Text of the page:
and GIS modelling tools in agricultural research.

    At the end of the training, Michael Haertel, IITA GIS and Database Expert, encouraged the participants to put into action the knowledge and skills they had learned during the training. He praised the participants’ willingness to learn, their attentiveness, and active participation throughout the training program.

    “The participants were very attentive and eager to explore more of the program inputs,” he said. “It is my hope that participants will continue to make use of GIS knowledge.” he commented.

    The participants appreciated efforts made by the Institute and are looking forward to using the skills and knowledge learned in their research work for better outcomes.

    “As a researcher working in multiple locations across various countries, the training will help me in mapping and showing the exact locations of the trials we are conducting. We also gained skills in analyzing and interpreting data presented in maps to guide us in making decisions, for example, to select the most appropriate project sites,” said Silver Tumwegamire, a Research Fellow/Cassava Breeder and one of the participants.

    Ylva Hillbur of IITA (seated left) and Danie Brink of Stellenbosch University (seated right) signing the MoU. Looking on are David Chikoye (standing, at right) and Altus Viljoen of the Department of Plant Pathology of Stellenbosch University.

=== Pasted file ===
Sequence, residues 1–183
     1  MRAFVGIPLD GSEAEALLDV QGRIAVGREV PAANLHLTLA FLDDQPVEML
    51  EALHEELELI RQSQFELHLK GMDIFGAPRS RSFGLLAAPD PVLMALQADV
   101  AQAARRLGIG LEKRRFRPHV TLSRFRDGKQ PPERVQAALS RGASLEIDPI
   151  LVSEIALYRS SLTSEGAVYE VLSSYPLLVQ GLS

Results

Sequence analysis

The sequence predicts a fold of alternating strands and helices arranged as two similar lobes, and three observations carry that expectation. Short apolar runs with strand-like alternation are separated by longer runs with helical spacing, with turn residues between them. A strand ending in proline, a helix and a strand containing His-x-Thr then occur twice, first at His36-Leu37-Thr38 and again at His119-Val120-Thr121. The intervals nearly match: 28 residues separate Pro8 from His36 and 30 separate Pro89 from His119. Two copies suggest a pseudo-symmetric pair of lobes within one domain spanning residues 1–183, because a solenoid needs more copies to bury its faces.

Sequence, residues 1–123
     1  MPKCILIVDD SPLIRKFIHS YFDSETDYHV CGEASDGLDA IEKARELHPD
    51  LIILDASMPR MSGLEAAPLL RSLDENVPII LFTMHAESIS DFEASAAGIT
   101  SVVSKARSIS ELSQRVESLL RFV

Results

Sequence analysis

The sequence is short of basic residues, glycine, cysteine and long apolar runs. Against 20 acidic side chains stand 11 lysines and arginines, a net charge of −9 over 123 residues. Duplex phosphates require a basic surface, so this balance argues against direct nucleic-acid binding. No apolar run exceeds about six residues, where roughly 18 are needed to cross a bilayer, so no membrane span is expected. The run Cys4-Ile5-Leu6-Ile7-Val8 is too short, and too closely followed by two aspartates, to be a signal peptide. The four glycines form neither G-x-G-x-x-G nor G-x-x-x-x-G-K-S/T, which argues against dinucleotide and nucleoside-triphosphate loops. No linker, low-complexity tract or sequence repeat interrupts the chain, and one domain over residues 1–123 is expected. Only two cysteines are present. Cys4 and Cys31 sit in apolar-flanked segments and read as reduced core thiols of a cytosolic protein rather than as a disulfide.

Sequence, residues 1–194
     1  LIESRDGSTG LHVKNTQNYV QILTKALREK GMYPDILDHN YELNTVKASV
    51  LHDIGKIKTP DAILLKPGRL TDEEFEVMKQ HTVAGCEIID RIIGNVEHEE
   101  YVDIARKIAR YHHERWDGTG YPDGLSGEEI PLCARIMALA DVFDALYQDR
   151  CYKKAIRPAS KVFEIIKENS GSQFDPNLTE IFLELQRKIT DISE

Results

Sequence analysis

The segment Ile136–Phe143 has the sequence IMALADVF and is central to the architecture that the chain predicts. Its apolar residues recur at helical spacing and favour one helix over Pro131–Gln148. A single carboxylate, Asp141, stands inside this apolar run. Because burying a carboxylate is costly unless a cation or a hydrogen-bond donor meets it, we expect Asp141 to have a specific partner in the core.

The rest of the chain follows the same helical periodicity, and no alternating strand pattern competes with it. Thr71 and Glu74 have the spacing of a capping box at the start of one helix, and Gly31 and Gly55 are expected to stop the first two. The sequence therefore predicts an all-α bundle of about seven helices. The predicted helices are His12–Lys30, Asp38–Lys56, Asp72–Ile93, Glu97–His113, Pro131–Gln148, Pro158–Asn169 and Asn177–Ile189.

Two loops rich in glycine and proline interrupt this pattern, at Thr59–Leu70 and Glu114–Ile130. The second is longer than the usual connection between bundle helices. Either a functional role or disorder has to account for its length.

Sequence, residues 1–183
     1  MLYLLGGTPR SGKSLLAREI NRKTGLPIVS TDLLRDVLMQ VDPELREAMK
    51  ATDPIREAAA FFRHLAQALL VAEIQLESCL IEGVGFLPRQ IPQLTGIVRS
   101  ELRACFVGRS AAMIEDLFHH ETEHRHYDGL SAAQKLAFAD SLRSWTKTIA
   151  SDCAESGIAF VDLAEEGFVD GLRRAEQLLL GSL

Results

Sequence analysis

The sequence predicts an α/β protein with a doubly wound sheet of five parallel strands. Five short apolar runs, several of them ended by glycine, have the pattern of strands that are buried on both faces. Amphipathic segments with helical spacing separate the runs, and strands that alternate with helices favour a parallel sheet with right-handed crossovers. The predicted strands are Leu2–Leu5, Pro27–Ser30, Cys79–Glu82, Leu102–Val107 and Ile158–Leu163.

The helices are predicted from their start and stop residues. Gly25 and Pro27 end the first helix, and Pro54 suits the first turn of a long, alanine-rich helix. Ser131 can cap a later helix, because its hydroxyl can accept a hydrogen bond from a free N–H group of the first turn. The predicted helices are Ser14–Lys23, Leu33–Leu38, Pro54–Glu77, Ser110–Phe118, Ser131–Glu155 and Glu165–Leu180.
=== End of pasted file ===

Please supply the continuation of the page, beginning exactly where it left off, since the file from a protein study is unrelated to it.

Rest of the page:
Got a story to share? Please email it with photos and captions every Wednesday to Katherine Lopez (, Jeffrey T. Oliver (, Catherine Njuguna (, or Adaobi Umeokoro (

  • IITA Bulletin 2297 page 3

    AfricaYam and JHI scientists establish bond to achieve project goals The collaboration of scientists at the James Hutton Institute, Scotland UK, (JHI) has been enlisted by the AfricaYam: Enhancing Yam Breeding for Increased Productivity and Improved Quality in West Africa project for quicker results and realization of project gains. JHI scientists will join efforts with those of IITA to combat the scourge of pest and disease infestations limiting the productivity of yam in West Africa. They will also provide training and advisory support to other project partners.

    The decision to embark on this joint approach to tackle the limiting factors in yam production was consolidated during a visit by a delegation from IITA and national

    program partners led by David De Koeyer, AfricaYam project leader, to JHI on 14-18 September. The delegation was received by Glenn Bryan, Potato Genetics and Breeding team leader in JHI’s Cell and Molecular Sciences group.

    The discussions focused on deploying JHI’s prominent technology on potato breeding and research to Africa. According to the scientists, potato shares some similarities and attributes which can be adapted to increase the resilience and yield potential of yam.

    AfricaYam receives support from the Bill & Melinda Gates Foundation and is implemented in Benin, Côte d’Ivoire, Ghana, and Nigeria.

    Announcements • High Level Conference: An African

    Agricultural Transformation Agenda, Towards a strategy for building a strong agricultural sector in Africa; The King Fahd Palace Conference Center, Dakar, Senegal, 21 - 23 October.

    • Young Africa Works Deba